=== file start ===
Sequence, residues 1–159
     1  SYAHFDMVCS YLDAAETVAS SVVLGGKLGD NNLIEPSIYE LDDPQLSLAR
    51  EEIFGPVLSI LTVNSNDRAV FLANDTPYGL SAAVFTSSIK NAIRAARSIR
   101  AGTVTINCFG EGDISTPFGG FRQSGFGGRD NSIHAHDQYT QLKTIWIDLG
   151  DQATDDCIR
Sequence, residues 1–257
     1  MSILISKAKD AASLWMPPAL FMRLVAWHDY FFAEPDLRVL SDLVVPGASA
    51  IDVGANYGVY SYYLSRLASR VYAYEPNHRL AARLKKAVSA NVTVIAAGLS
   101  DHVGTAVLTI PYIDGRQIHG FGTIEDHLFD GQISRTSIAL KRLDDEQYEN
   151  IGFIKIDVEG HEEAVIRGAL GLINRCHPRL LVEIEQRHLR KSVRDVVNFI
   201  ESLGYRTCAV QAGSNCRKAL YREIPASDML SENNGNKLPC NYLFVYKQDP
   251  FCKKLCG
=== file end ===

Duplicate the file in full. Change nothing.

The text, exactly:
Sequence, residues 1–159
     1  SYAHFDMVCS YLDAAETVAS SVVLGGKLGD NNLIEPSIYE LDDPQLSLAR
    51  EEIFGPVLSI LTVNSNDRAV FLANDTPYGL SAAVFTSSIK NAIRAARSIR
   101  AGTVTINCFG EGDISTPFGG FRQSGFGGRD NSIHAHDQYT QLKTIWIDLG
   151  DQATDDCIR
Sequence, residues 1–257
     1  MSILISKAKD AASLWMPPAL FMRLVAWHDY FFAEPDLRVL SDLVVPGASA
    51  IDVGANYGVY SYYLSRLASR VYAYEPNHRL AARLKKAVSA NVTVIAAGLS
   101  DHVGTAVLTI PYIDGRQIHG FGTIEDHLFD GQISRTSIAL KRLDDEQYEN
   151  IGFIKIDVEG HEEAVIRGAL GLINRCHPRL LVEIEQRHLR KSVRDVVNFI
   201  ESLGYRTCAV QAGSNCRKAL YREIPASDML SENNGNKLPC NYLFVYKQDP
   251  FCKKLCG